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J Bacteriol. 2010 Mar;192(6):1511-7. doi: 10.1128/JB.01165-09. Epub 2010 Jan 15.

Functional analysis of the three TATA binding protein homologs in Methanosarcina acetivorans.

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Department of Biochemistry and Molecular Biology and Center for Microbial Structural Biology, 205 South Frear Laboratory, The Pennsylvania State University, University Park, PA 16802, USA.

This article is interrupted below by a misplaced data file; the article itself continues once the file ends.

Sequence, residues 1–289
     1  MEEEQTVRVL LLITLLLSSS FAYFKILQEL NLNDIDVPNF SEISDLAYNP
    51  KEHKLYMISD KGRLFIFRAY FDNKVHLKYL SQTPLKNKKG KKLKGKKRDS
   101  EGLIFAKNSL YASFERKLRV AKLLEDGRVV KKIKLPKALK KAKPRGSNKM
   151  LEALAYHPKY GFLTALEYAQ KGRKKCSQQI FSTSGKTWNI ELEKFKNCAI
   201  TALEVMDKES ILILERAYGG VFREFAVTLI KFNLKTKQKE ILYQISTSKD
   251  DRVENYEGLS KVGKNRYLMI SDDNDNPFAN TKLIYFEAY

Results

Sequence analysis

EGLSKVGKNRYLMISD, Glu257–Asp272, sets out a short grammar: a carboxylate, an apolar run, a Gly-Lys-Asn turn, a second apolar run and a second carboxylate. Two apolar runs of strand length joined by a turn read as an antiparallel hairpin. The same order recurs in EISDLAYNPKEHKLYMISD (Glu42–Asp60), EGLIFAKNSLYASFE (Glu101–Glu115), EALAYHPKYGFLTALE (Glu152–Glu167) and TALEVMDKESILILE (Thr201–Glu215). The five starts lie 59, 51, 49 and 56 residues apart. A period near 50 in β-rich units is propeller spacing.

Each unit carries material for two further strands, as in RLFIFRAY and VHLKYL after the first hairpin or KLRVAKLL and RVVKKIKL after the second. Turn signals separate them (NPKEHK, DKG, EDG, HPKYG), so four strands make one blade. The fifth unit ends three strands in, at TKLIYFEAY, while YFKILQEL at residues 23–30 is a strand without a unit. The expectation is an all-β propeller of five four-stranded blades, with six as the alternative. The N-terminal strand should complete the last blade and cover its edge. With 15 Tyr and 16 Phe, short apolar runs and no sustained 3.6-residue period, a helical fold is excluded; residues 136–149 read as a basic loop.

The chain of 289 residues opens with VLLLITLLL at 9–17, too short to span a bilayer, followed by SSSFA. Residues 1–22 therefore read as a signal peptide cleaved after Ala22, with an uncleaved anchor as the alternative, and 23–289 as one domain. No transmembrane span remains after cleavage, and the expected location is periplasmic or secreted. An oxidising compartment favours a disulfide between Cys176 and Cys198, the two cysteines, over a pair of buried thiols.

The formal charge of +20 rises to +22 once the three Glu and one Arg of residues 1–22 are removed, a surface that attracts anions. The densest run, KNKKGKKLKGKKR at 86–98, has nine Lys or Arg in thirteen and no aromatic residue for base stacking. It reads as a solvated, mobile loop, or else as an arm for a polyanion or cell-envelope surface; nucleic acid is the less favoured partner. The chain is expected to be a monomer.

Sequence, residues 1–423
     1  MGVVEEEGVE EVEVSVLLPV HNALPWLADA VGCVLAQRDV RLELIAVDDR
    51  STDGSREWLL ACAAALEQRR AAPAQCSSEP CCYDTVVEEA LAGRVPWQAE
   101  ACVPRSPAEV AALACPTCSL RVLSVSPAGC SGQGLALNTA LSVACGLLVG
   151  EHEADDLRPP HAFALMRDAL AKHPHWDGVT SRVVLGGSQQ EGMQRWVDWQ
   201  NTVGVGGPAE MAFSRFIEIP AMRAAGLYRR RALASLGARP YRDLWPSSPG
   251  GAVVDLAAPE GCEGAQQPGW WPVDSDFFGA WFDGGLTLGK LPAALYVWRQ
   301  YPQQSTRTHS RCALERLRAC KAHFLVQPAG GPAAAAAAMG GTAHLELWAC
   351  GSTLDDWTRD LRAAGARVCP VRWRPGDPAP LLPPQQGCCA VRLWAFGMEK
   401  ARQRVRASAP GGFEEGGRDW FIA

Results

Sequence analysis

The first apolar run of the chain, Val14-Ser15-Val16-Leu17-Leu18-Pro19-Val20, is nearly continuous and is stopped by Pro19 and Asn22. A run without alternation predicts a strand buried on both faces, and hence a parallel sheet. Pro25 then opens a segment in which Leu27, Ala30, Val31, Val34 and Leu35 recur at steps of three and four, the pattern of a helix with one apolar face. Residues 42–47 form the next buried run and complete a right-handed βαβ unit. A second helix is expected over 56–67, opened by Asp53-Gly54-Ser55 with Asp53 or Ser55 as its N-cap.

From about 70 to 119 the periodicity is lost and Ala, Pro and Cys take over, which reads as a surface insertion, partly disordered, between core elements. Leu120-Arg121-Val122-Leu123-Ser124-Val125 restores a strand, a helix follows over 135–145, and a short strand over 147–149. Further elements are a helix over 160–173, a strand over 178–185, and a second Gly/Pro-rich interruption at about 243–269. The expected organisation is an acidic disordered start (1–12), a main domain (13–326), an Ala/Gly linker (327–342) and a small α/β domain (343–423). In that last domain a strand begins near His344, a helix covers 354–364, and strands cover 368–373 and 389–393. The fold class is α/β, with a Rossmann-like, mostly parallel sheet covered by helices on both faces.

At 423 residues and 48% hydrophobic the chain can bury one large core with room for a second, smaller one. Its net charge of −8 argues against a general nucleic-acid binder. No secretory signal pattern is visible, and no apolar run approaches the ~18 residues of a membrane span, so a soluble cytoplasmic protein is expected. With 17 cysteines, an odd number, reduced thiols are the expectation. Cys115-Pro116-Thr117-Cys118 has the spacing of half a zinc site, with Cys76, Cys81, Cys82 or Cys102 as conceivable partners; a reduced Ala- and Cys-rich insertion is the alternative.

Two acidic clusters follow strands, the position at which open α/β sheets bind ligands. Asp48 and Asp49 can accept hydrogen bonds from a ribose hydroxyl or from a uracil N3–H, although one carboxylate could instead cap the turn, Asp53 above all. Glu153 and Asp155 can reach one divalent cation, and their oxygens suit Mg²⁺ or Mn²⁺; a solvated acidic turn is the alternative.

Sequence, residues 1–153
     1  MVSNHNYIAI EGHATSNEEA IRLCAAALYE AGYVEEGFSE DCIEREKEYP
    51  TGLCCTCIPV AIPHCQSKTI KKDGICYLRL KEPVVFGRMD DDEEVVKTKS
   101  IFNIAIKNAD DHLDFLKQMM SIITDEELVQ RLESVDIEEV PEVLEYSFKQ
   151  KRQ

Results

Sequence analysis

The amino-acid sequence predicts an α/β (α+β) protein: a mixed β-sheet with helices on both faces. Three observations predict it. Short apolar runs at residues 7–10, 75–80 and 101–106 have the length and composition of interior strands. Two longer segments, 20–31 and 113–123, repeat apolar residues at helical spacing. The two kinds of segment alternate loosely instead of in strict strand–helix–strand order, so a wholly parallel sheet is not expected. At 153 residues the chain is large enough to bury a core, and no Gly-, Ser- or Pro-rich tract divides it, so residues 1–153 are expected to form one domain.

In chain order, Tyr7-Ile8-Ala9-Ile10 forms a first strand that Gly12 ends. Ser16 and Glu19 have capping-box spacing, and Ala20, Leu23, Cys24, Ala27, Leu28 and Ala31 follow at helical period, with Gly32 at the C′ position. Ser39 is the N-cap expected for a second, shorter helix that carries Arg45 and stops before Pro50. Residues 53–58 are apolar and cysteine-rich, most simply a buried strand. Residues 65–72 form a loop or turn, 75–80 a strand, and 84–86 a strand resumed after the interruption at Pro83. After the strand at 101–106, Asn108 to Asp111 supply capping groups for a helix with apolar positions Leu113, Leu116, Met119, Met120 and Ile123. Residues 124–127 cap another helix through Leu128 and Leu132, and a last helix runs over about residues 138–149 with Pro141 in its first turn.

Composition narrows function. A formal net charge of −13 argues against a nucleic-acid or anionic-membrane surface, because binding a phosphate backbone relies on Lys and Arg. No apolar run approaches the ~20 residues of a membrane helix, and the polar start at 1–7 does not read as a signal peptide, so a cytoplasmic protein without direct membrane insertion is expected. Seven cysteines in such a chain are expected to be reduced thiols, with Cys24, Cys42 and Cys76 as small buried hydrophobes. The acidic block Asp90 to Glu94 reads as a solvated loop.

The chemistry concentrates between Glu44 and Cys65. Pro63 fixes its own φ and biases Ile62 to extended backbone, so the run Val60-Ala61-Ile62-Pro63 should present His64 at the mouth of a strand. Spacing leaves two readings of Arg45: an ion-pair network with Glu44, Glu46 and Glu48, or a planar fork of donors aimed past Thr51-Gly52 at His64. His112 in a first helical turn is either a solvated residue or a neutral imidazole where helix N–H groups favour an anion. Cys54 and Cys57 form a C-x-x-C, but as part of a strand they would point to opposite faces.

The roles of three TATA binding protein (TBP) homologs (TBP1, TBP2, and TBP3) in the archaeon Methanosarcina acetivorans were investigated by using genetic and molecular approaches. Although tbp2 and tbp3 deletion mutants were readily obtained, a tbp1 mutant was not obtained, and the growth of a conditional tbp1 expression strain was tetracycline dependent, indicating that TBP1 is essential. Transcripts of tbp1 were 20-fold more abundant than transcripts of tbp2 and 100- to 200-fold more abundant than transcripts of tbp3, suggesting that TBP1 is the primary TBP utilized during growth. Accordingly, tbp1 is strictly conserved in the genomes of Methanosarcina species. Deltatbp3 and Deltatbp2 strains exhibited an extended lag phase compared with the wild type, although the lag phase for the Deltatbp2 strain was less pronounced when this strain was transitioning from growth on methylotrophic substrates to growth on acetate. Acetate-adapted Deltatbp3 cells exhibited growth rates, final growth yields, and lag times that were significantly reduced compared with those of the wild type when the organisms were cultured with growth-limiting concentrations of acetate, and the acetate-adapted Deltatbp2 strain exhibited a final growth yield that was reduced compared with that of the wild type when the organisms were cultured with growth-limiting acetate concentrations. DNA microarray analyses identified 92 and 77 genes with altered transcription in the Deltatbp2 and Deltatbp3 strains, respectively, which is consistent with a role for TBP2 and TBP3 in optimizing gene expression. Together, the results suggest that TBP2 and TBP3 are required for efficient growth under conditions similar to the conditions in the native environment of M. acetivorans.

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